Windows VPN Connections Not Resolving Internal DNS

I was debating what section to actually post this...

I have users making VPN connections through a Cisco PIX and authenticating via RADIUS to a Windows 2000 server running IAS and RRAS. My Mac OS X and Linux users, once connected are able to resolve addresses to their internal IP through our internal name server running BIND. However, Windows XP users when trying to resolve internal names in DNS recieve external IPs as if they were using another public DNS server.

In Windows XP, while connected through VPN, I can run ipconfig /all and see that the correct DNS Server is in place. However, when doing an nslookup, it's trying to use the local router of where the computer is VPN'ing from as the DNS server.  For example, I'm connected to my office VPN from home and when I run nslookup it is using my home router's IP as the default server. I've also tried doing an ipconfig /flushdns to no avail.

As I said, it's just on Windows where I have this problem and it's multiple if not all Windows VPN users. We have another main office that has pretty much an identical setup as mine except they use Microsoft DNS and when making a VPN connection to their network I have the same problem.

Any ideas?
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muffConnect With a Mentor Commented:

Have you determined whether the internal DNS servers are accessible when the Windows XP vpn users are connected?

If you do

   server <internal dns>

Then type a name you want to resolve.  I am guessing this will work, because it works for the linux users.  So it is probably that the Windows machine is falling back to the local DNS servers (when you do ipconfig /all, do you see dns servers defined against the physical interfaces aswell as the logical interface created for the VPN?)

If this is the case, then it could be a timeout issue, the internal DNS servers are not responding quickly enough, or packets are being lost... which perhaps indicates a problem with the VPN itself.  Windows is much more sensitive to dns timeouts than linux.  Try to resolve a few addresses to see if you get any timeouts.

Rob WilliamsCommented:
One thought; test if you can connect with the full computer and domain name as  \\ComputerName.domain.local  If so, add the suffix DomainName.local to the DNS configuration of the virtual private adapter/connection [ right click virtual adapter | properties | TCP/IP properties | Advanced | DNS | "Append these DNS suffixes (in order)" | Add ]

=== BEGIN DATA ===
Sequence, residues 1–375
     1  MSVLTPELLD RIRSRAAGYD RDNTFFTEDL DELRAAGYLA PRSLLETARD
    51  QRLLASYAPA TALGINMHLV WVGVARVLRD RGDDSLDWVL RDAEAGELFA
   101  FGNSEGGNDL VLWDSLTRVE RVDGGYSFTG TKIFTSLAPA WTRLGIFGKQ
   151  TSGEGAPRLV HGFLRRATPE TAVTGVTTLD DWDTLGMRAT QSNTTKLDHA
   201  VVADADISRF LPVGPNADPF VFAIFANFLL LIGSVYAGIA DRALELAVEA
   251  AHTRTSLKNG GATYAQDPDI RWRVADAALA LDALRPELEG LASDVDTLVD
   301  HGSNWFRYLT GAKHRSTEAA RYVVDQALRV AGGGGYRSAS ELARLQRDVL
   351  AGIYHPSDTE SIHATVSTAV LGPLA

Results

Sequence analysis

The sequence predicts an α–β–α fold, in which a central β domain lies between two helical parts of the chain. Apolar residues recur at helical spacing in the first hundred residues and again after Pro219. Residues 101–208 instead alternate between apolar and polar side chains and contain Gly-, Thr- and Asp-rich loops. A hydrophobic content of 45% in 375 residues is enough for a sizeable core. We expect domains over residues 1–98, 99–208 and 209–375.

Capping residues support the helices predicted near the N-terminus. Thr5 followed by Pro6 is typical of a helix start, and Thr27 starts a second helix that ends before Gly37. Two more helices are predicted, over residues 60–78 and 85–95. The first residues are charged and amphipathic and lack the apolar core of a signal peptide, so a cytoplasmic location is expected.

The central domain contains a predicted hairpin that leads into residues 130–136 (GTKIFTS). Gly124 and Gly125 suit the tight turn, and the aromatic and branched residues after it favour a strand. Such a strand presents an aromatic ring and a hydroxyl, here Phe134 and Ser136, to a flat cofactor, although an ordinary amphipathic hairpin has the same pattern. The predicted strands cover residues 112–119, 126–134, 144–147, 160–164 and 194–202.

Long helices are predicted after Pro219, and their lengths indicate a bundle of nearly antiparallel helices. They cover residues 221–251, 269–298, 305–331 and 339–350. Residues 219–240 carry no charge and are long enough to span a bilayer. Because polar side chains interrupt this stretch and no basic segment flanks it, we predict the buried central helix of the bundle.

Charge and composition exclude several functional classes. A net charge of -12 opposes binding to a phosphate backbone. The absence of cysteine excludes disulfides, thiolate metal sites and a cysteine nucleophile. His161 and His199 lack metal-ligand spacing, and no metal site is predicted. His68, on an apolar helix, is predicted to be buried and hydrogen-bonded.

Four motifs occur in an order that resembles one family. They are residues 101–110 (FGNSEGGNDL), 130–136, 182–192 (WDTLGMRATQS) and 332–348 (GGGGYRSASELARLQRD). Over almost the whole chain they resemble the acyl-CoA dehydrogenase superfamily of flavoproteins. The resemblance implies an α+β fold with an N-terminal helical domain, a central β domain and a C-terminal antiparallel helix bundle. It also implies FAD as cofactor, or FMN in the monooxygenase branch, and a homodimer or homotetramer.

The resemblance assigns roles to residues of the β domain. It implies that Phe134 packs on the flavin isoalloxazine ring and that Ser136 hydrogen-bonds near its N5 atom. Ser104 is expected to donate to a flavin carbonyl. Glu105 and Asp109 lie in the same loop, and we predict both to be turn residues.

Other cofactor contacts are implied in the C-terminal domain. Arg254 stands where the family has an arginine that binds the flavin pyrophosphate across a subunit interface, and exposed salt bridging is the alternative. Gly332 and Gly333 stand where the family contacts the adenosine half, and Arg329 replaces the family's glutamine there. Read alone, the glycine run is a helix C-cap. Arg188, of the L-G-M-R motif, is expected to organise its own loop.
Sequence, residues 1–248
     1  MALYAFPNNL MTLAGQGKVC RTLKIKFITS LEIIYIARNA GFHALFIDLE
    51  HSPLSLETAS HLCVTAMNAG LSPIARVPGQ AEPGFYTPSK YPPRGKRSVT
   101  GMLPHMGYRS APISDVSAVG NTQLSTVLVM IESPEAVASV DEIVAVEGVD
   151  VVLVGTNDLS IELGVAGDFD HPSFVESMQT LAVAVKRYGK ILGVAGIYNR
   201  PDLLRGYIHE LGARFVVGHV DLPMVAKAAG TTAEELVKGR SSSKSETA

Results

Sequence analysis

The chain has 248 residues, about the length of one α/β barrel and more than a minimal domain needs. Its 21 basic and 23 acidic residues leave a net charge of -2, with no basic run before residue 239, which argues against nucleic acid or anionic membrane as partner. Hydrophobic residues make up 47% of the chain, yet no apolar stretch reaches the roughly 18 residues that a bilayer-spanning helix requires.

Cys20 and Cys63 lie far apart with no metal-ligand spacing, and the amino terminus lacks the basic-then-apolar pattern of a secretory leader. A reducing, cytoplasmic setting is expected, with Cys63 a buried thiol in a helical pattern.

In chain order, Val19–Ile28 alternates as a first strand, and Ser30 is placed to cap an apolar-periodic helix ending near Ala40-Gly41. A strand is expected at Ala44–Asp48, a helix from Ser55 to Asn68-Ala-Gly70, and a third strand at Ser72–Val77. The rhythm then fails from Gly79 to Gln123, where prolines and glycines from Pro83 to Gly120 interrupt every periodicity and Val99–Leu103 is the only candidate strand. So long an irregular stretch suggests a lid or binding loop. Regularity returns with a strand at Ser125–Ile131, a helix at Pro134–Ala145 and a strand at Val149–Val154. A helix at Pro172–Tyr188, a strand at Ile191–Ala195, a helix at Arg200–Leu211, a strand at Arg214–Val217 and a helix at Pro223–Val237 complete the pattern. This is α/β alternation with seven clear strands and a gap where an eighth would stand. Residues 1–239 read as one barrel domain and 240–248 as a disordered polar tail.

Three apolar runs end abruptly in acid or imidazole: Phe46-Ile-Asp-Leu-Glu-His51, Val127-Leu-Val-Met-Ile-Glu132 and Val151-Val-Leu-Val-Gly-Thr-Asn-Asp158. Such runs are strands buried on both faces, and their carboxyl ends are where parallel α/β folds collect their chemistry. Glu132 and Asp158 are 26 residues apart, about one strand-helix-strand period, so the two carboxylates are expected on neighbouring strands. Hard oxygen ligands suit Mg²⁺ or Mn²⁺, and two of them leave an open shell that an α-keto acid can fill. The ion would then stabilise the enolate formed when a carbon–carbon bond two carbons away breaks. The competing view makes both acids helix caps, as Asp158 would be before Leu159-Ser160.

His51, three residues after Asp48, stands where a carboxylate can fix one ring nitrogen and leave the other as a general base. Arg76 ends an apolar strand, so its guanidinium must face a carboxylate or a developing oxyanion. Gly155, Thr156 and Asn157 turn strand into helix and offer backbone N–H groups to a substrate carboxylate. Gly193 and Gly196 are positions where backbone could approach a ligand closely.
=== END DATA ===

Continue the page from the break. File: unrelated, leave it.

icarus004Author Commented:
In my original question I mentioned how when connected via VPN, ipconfig /all shows that I am using the internal name server but nslookup shows that the default server is my home gateway/router. When VPN'd in nslookup doesn't seem to query my internal NS at all as I get the external IP's when doing a lookup. That said, and probably should have mentioned earlier, I am able to resolve certain addresses that do not have a public record in an external DNS server.

Your question about dns servers defined for the physical interface as well as the VPN interface made a light go off for me.

Although connected to my network via VPN, Windows is still wanting to use the DNS entry for the physical interface. If it can't find a resolutioin there it than queries my internal name server which shows as the defualt in ipconfig but not nslookup. This is why I'm still able to resolve servers that do not have a public DNS entry. So... How do I force Windows VPN connections to only use my internal name server?  

I've tried forcing it under the Networking ---> TCP/IP properties of my VPN connection.
Rob WilliamsConnect With a Mentor Commented:
>>"How do I force Windows VPN connections to only use my internal name server? "
You say you have tried forcing under TCP/IP properties. Is this by manually assigning the DNS servers? Should work.

The VPN client seems to get it's DNS servers from the actual server's configuration rather than from the DHCP scope. What does the VPN server have as it's DNS servers. It should have only your own internal DNS server/s and no ISP DNS servers. ISP DNS servers should be added as forwarders only.

You can also force all traffic through the tunnel by enabling the "use default gateway on remote network" option located under the advanced TCP/IP properties of the VPN/virtual network adapter. This is usually enabled by default, but will block local Internet access, and force all traffic through the tunnel.
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